• Faecal incontinence – the accidental passage of stool from the rectum.

In clinical practice, symptom overlap is common among patients. They frequently speak of the considerable burden these conditions have on various aspects of their lives, including relationships, overall health, and ability to work. These insights led to the development of the PERSPECTIVE study.

The PERSPECTIVE study has explored the impact of the aforementioned FBDs on patient’s lifestyle, including their real-world experience of using transanal irrigation (TAI) to manage these symptoms. This study differs from previous studies as it has explored a wider range of FBDs. This article will discuss the results regarding TAI usage.


A total of 4,794 individuals were invited to participate in the study from two existing cohorts of people, sourced from two existing databases:

  1.  ContactME-IBS – a dedicated national registry (NHS owned) for individuals who self-identify as having any type of IBS. People sign up to receive information about research opportunities, without any obligation to participate. This provided access to over 4,000 individuals from both primary and secondary care.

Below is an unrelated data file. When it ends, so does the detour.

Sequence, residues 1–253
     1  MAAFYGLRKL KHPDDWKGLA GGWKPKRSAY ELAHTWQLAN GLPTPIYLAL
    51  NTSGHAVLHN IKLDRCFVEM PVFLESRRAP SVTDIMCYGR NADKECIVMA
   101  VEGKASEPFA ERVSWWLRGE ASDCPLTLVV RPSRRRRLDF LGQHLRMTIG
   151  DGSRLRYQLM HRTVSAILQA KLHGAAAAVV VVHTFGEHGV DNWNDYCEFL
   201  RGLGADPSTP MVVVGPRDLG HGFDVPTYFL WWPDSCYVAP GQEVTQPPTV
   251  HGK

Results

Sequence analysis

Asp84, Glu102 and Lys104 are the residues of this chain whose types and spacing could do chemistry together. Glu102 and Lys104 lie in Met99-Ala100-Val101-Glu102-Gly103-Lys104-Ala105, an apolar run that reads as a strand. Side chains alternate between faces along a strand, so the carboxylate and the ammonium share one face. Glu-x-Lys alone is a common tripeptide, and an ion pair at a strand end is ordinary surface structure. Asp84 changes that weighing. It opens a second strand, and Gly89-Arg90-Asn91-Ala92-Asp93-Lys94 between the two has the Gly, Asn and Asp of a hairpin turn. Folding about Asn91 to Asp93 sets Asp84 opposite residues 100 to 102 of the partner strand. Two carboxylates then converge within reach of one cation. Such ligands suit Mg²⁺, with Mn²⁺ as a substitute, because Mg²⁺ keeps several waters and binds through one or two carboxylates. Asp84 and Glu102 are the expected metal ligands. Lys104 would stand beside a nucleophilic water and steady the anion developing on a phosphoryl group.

2. Durham Transanal Irrigation database, which had over 200 TAI users, all seen in secondary care.

Data from 933 respondents were captured through a single online questionnaire. Among them, 183 (20%) had experience of using TAI, and 110 (60%) continue to use it.


In the study, females were primarily irrigating for constipation-related symptoms (43, 44%), while males used it predominantly for diarrhoea or mixed-type symptoms (9, 82%).